In late October, I walked some beaches in Cape May, New Jersey. The low sun of the waning day glared off the placid waves. My long shadow preceded me as I walked slowly along the wet sand, just out of the water’s reach. Another lone walker was far ahead, apparently more intent on exercise than I was; her pace widened the distance between us. I allowed the distance to grow greater as I stopped and watched tiny white shorebirds chasing the waves.

Sanderlings run from the waves

Their legs were a blur as they ran up the sand ahead of the waves. Then they reversed direction to chase the water as it receded - back and forth, like school yard children playing tag - or teasing a playful dog on a leash. The birds I watched were Sanderlings,  and they are one of the reasons I love the beach along the seashore.

Sanderlings are common along our seacoasts except from mid-June to mid-July. During that period they are north of the Arctic circle, breeding. They waste little time in that task and are soon back along our coasts, chasing the waves. If you see a sandpiper on a sandy beach going back and forth with the water, barely getting its feet wet, you are seeing a Sanderling.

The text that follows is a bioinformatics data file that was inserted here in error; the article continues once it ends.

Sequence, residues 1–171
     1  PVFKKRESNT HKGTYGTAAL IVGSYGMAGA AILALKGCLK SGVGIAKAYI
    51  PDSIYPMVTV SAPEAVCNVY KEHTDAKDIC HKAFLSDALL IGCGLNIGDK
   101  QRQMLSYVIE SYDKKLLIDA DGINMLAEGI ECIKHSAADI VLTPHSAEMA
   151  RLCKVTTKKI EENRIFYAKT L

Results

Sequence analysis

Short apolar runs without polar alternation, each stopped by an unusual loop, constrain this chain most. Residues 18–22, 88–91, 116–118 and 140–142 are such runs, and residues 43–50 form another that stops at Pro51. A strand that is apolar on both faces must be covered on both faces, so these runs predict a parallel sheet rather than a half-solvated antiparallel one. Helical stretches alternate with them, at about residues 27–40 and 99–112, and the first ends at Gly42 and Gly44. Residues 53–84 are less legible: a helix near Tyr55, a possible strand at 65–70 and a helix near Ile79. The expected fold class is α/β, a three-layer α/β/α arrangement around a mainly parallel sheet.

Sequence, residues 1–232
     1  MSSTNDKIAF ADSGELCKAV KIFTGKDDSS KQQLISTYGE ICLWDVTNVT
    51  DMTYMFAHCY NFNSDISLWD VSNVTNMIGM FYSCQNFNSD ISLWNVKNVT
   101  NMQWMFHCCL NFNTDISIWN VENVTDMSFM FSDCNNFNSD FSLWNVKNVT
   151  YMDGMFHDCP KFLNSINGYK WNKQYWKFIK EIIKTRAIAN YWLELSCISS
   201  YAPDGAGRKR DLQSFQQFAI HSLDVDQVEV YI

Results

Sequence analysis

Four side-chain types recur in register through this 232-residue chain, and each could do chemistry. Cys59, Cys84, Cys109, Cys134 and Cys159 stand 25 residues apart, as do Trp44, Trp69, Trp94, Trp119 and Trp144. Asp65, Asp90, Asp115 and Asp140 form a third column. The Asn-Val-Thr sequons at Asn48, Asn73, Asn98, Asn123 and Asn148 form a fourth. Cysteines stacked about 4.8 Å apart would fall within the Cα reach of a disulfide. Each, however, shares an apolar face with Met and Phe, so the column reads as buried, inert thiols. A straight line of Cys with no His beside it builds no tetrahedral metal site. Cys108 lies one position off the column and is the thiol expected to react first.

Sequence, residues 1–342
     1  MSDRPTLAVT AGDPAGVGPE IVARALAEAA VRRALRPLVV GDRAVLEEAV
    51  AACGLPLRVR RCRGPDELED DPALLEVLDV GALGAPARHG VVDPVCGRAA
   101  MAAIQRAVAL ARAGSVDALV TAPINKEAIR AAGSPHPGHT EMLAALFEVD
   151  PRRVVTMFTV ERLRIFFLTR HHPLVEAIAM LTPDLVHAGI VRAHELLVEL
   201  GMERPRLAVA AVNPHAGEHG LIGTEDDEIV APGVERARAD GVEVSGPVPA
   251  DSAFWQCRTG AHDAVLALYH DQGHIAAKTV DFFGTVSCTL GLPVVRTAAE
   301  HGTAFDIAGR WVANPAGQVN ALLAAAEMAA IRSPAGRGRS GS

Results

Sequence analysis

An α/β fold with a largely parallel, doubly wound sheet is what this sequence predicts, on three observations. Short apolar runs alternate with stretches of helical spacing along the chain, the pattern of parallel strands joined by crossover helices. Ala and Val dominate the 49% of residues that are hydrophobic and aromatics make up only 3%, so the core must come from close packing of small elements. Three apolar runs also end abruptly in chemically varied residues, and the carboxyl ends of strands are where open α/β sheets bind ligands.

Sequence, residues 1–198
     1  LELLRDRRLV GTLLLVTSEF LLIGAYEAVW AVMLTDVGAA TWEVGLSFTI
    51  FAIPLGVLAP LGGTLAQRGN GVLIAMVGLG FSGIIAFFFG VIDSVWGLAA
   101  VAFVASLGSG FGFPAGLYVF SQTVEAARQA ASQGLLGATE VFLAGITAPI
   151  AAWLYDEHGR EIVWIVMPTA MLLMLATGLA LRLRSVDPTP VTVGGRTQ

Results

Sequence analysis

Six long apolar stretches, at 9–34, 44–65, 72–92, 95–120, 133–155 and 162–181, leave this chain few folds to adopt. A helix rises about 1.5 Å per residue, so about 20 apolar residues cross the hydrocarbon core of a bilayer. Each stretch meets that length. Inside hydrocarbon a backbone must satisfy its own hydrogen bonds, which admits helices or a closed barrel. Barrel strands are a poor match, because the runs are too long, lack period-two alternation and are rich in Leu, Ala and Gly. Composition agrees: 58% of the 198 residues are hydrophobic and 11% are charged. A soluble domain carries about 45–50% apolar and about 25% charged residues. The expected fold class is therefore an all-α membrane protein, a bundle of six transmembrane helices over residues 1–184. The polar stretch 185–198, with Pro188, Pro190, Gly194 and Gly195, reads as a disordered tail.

Audubon knew this bird as the Sanderling Sandpiper. Somewhere along the line, the mavens of nomenclature decided this was redundant, and dropped “sandpiper” from its name. But the Sanderling is arguably the only “true” sandpiper.

Sanderling - "birds that peep on the sand"
The “piper” part of “sandpiper” seems to come from a word meaning “chirp,” or “peep,” hence sandpipers are “birds that chirp on the sand,” or “peep on the sand.” The Sanderling and its closest relatives (in the genus Calidris) are known among bird watchers as “peeps.”

The Sanderling (meaning “little bird of the sand”) is the only sandpiper which you will regularly find on sand - or sandy beaches. I went through the Kaufman guide for the habitats where we are most likely to see other Calidris sandpipers. Here’s what I found:

Least Sandpiper - edges of rivers, ponds, marshes
Semipalmated Sandpiper - mudflats
Western Sandpiper - open flats
Pectoral Sandpiper - grassy mudflats, flooded fields (the “grasspiper”)
White-rumped Sandpiper - flooded fields, marshy edges of mudflats
Baird’s Sandpiper - grassy mudflats, flooded fields
Buff-breasted Sandpiper - short-grass plains, plowed fields
Dunlin - mudflats
Red Knot - tidal flats, sandy beaches
Purple Sandpiper - rocky coastlines, jetties